Saturday, May 03, 2008

Which Padang Place Shall We Dine at Tonight, Dear?

The hot-spicy cuisine of Padang, the largest city on the island of Sumatra, is popular all over Indonesia. I haven't been to Sumatra, but I've eaten nasi Padang several times in Java. Nasi means rice, and nasi Padang refers to a serving style. At a nasi Padang restaurant, usually a humble little place, a plate of rice is served with small portions of a variety of dishes. This is most likely the ur-version of the Dutch-Indonesian rijsttafel.

There are two Padang-style places I know of in New York, both in Elmhurst, Queens. For a city that has been Indonesian-food-challenged until recent years, this is a modest embarrassment of riches. I've already written about Minangasli, and I recently dined at Upi Jaya.

Both restaurants are good, but there are significant enough differences that set them apart. First of all, Upi Jaya is the much more comfortable of the two. While Minangasli is basically a take-out place with a few tables, Upi Jaya is more a full-scale restaurant. There is much overlap on the menus, but Minangasli may have a little more variety overall, and Upi Jaya appears to have more to offer the vegetarian. Upi Jaya's menu is heavily weighted toward two categories of main course-thick, spicy, coconut-milk-based curries (gulai or sayur) and dishes smothered in ground red chili (balado).

We started our Upi Jaya meal with two appetizers, perkedel kentang (potato fritters), and lemper ayam (steamed glutinous rice stuffed with shredded chicken). I liked both well enough but was not bowled over by either. I was curious as to whether the name perkedel comes "frikadel," or Dutch meatballs. An online search revealed that perkedel kentang are literally "frikadel potatoes," and though the Upi Jaya version is vegetarian they often contain meat.

At Upi Jaya we tried several of the same dishes we had at Minangasli. The ayam goreng balado (fried chicken with chili), which was the runaway hit at Minangasli, was rather disappointing at Upi Jaya, while Upi Jaya's jackfruit curry was somewhat more flavorful and spicy than Minangasli's. Daging rendang, beef with dry curry, is a staple of Padang cuisine. While I think Minangasli does this one better, I actually prefer the Malaysian spin on rendang, which has a very thick curry sauce rather than a dry spice coating.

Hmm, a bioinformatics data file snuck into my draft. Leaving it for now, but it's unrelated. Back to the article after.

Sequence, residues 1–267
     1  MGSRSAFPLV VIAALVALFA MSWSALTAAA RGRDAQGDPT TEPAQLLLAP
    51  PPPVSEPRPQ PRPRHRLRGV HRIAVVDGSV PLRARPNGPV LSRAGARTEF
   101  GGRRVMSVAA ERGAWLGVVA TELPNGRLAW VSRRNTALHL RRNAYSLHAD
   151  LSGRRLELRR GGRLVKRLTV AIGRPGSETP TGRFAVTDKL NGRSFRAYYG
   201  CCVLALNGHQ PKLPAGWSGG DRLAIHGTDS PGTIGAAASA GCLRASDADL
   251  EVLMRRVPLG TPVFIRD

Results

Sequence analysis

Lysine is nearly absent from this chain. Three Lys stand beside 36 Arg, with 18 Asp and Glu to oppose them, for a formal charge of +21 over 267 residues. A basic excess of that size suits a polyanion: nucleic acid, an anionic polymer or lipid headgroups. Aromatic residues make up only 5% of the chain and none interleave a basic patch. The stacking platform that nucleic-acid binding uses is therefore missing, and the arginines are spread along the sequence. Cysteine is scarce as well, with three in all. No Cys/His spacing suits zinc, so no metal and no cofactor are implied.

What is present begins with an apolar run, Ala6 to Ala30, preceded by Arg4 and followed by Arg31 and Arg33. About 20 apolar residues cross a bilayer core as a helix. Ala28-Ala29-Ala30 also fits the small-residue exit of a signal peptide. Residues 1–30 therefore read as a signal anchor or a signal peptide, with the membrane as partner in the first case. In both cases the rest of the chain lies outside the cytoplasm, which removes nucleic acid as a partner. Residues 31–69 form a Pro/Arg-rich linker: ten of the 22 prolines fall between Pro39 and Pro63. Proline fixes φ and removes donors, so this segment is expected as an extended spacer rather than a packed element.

Sayur Nangka (jackfruit curry)

Gulai cincang was described as curried beef spare ribs, but the meat was served boneless. I think this was more successful than the rendang. I convinced my dining companions that we shouldn't order anything with petai, which Upi Jaya describes as "green Indonesian nut," but is more accurately described on Minangasli's menu as "stinking bean" and tastes like I imagine formaldehyde would. So when we ordered udang goreng balado petai (shrimp sautéed with chili and petai), we said "hold the petai." While the chili topping was quite good, the small shrimps were overcooked and short on flavor.

I'd have to give the edge to Minangasli in the food department, but Upi Jaya is pretty good overall and considerably more comfortable. I'm planning to give it a strictly vegetarian test-run this summer, when some vegetarian friends come to New York for a visit.

Upi Jaya
76-04 Elmhurst Avenue
Elmhurst (Queens), NY
E-F-G-R-V-7 trains to 74th St./Broadway/Roosevelt


Upi Jaya on Urbanspoon

2 Comments:

Anonymous Anonymous said...

hi peter,
love your pieces (and many thanks for your "food first" perspectives). if it's not too much trouble, could you include the phone numbers (and perhap the hours of business) for the restaurants you visit? many thanks

8:09 PM  
Anonymous Anado said...

Hi Peter,
I knew you years ago in NYC. My name is Anado McLauchlin...you knew me as Jim. I was a friend of David W. and Dennis Deforge. I heard David passed on. Anyhow, just wanted to say hell'o from Mexico where I live.
Cheers,
Anado

8:53 AM  

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